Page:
Of course team development is just one of the many uses of SourceSafe integration. If you are an individual developer you will want to take advantage of other features including:

  • Maintaining a history of files, so you can compare the current version of a file with previous versions.
  • Labeling Projects enables you to take a snapshot of a project at a given stage in the development cycle and give it a meaningful name (foe example, "Beta 1") before you continue development.
  • Sharing files means that if you have a file containing commonly used routines that you include in multiple projects (typically known as a library or procedure file), changes made in any copy of that file are automatically propagated to all other copies.

Users who worked with previous versions of FoxPro and SourceSafe will appreciate the ease of use presented by the integration, from the glyphs in the Project Manager that represent the status of files under SourceSafe control to the automatic checkout of .FRT and .SCT files when the corresponding .FRX or .SCX files are checked out.

Whether you're an independent developer working alone, or a member of a development team in a large corporation, SourceSafe integration with Visual FoxPro 5.0 can help make your development cycle easier to manage.

Visual SourceSafe and Microsoft Access

The Microsoft Office 97, Developer Edition Tools (ODE Tools) provides a software component that integrates various source code control products (including Visual SourceSafe) into Microsoft Access. Because this component writes to the standard source code control interface, ODE Tools users can use any source code control product that supports the interface. (The SourceSafe team designed these interfaces and has shared them with other companies to incorporate in their products.) By integrating source code control into Microsoft Access 97, you can now work with a team of developers to build a Microsoft Access application. You can:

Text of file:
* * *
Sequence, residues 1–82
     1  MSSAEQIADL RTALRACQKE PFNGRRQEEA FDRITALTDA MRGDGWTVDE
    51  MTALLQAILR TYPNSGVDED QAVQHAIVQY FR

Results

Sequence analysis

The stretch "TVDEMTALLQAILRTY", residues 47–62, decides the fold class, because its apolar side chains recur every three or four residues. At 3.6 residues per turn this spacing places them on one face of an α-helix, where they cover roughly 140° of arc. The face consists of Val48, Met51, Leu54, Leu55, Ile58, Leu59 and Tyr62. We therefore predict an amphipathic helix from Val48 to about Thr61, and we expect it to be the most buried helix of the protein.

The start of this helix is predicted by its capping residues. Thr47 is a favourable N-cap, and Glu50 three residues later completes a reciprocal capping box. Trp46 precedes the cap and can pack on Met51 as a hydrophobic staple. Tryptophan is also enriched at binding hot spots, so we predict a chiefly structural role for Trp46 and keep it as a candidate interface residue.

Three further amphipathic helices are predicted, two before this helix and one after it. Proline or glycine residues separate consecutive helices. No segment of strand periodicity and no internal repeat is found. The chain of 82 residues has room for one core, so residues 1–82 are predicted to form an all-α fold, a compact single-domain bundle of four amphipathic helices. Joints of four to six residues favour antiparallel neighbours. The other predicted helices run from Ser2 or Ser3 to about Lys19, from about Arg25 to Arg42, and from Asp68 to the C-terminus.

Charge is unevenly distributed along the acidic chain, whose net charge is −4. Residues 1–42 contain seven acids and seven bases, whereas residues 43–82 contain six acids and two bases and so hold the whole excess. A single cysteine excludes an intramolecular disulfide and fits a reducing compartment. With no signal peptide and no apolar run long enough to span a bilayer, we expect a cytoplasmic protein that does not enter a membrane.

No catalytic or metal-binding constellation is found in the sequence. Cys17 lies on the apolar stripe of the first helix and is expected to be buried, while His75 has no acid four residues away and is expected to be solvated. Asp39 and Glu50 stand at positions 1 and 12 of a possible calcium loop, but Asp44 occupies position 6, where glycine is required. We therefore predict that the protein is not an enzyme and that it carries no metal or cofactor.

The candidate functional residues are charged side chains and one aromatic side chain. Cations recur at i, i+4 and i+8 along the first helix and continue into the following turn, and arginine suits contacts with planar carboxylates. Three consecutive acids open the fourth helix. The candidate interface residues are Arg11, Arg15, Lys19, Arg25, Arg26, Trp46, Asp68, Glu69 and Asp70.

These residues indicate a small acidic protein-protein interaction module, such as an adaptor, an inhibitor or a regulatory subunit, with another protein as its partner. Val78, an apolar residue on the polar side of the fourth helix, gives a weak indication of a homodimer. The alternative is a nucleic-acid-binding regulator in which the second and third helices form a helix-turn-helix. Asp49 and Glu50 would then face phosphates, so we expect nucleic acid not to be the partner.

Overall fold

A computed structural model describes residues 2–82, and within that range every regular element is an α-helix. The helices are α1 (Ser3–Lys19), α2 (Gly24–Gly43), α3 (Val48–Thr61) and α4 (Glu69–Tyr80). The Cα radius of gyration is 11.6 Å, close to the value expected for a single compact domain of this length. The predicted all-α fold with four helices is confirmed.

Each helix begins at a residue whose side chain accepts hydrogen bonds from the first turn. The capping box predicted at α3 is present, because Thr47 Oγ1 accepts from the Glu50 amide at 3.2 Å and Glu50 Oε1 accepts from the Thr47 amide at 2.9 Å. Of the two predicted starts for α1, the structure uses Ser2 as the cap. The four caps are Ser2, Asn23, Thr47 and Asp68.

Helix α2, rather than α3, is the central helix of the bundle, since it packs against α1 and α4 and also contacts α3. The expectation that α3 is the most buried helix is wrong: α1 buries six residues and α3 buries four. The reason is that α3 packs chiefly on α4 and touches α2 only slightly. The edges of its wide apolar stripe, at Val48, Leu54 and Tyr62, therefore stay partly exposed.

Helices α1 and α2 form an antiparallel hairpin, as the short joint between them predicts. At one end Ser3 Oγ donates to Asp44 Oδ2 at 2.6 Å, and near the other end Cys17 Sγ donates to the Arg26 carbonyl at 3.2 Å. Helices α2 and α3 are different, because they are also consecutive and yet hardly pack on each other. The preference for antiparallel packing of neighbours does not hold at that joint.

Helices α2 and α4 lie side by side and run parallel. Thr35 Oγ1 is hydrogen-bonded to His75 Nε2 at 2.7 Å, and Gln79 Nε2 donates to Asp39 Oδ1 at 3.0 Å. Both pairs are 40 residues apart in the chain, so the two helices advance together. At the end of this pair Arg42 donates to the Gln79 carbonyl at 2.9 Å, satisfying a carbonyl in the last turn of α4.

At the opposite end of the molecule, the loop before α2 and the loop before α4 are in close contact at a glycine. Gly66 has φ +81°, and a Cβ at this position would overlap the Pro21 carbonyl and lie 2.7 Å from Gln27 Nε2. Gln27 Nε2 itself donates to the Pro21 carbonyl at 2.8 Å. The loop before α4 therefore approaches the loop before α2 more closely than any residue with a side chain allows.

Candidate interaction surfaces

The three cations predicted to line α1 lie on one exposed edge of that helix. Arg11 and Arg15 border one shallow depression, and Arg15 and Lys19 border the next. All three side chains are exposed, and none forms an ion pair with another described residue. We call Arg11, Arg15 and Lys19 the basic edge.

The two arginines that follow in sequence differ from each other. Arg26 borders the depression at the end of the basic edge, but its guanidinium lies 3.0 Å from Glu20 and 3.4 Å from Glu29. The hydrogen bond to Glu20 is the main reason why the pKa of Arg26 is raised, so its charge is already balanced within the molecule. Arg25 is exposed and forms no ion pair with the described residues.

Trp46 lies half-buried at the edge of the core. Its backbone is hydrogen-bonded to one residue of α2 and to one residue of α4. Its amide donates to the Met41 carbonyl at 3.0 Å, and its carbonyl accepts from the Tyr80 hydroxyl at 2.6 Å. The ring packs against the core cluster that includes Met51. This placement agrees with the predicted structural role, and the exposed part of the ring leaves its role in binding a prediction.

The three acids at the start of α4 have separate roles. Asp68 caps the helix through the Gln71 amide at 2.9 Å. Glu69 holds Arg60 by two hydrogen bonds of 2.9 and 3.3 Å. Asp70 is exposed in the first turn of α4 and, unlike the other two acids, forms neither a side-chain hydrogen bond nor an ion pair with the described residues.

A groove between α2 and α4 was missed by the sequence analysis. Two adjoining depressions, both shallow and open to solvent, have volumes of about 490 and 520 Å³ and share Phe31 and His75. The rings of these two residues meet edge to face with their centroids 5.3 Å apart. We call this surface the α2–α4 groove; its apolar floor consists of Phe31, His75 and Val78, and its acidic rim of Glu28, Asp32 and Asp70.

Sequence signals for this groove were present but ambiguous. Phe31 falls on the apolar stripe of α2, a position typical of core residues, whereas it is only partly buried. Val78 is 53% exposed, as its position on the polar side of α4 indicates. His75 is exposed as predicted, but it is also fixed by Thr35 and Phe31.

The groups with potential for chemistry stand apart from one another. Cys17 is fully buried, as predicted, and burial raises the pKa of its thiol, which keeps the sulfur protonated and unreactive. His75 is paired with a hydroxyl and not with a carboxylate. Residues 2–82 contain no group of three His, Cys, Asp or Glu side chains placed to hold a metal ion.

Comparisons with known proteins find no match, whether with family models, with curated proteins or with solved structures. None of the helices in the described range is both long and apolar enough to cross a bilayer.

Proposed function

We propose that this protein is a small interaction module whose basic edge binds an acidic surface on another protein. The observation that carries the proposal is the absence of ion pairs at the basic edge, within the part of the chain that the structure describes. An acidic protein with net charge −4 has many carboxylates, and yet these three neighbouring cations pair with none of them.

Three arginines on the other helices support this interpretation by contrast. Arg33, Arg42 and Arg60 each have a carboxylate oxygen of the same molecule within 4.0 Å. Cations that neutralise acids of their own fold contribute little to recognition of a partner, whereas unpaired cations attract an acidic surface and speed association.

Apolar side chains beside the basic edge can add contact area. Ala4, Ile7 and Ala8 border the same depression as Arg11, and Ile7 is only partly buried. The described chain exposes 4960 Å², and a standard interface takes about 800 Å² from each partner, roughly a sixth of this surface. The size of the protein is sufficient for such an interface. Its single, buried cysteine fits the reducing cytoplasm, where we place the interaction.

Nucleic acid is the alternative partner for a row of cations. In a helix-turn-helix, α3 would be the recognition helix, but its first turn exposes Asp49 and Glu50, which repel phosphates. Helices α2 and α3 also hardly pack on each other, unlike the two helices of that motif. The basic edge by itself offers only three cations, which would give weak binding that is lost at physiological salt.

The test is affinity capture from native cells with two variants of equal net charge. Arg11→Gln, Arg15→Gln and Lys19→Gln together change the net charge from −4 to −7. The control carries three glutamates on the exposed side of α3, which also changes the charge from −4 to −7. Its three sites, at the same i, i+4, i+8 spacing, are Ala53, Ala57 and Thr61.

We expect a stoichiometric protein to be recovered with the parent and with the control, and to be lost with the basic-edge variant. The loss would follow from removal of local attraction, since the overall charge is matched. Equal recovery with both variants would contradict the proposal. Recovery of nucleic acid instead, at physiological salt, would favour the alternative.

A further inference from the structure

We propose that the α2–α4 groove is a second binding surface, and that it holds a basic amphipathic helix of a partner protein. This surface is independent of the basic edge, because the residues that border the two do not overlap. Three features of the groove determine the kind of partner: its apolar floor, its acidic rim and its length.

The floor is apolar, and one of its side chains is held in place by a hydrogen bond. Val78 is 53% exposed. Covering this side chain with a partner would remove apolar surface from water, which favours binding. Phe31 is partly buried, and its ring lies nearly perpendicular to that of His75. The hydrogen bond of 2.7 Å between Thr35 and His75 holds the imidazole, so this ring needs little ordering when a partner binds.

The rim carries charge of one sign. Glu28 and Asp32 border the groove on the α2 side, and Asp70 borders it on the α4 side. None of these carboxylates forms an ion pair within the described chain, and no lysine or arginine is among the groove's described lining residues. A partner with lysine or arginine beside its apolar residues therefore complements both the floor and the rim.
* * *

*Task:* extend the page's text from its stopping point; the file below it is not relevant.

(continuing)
• See which objects are checked out.
  • Check out an object to control changes to it.
  • Check in an object so other developers can get your changes.
  • View a history of changes for each object or the entire database.
  • Visually compare differences between versions of an object.
  • Version objects and revert to a previous version of an object (even deleted objects).
  • Merge differences in different versions of an object.
  • Easily add new developers to your team who sync to the latest versions of all objects.

The software component communicates with both Microsoft Access 97 and the source code control application. While you work with Microsoft Access 97, the add-in steps in at various points and lets you do things like add, check out, or check Microsoft Access objects into the source code control project. Source code control integration with Microsoft Access is very similar to source code control integration with Visual Basic.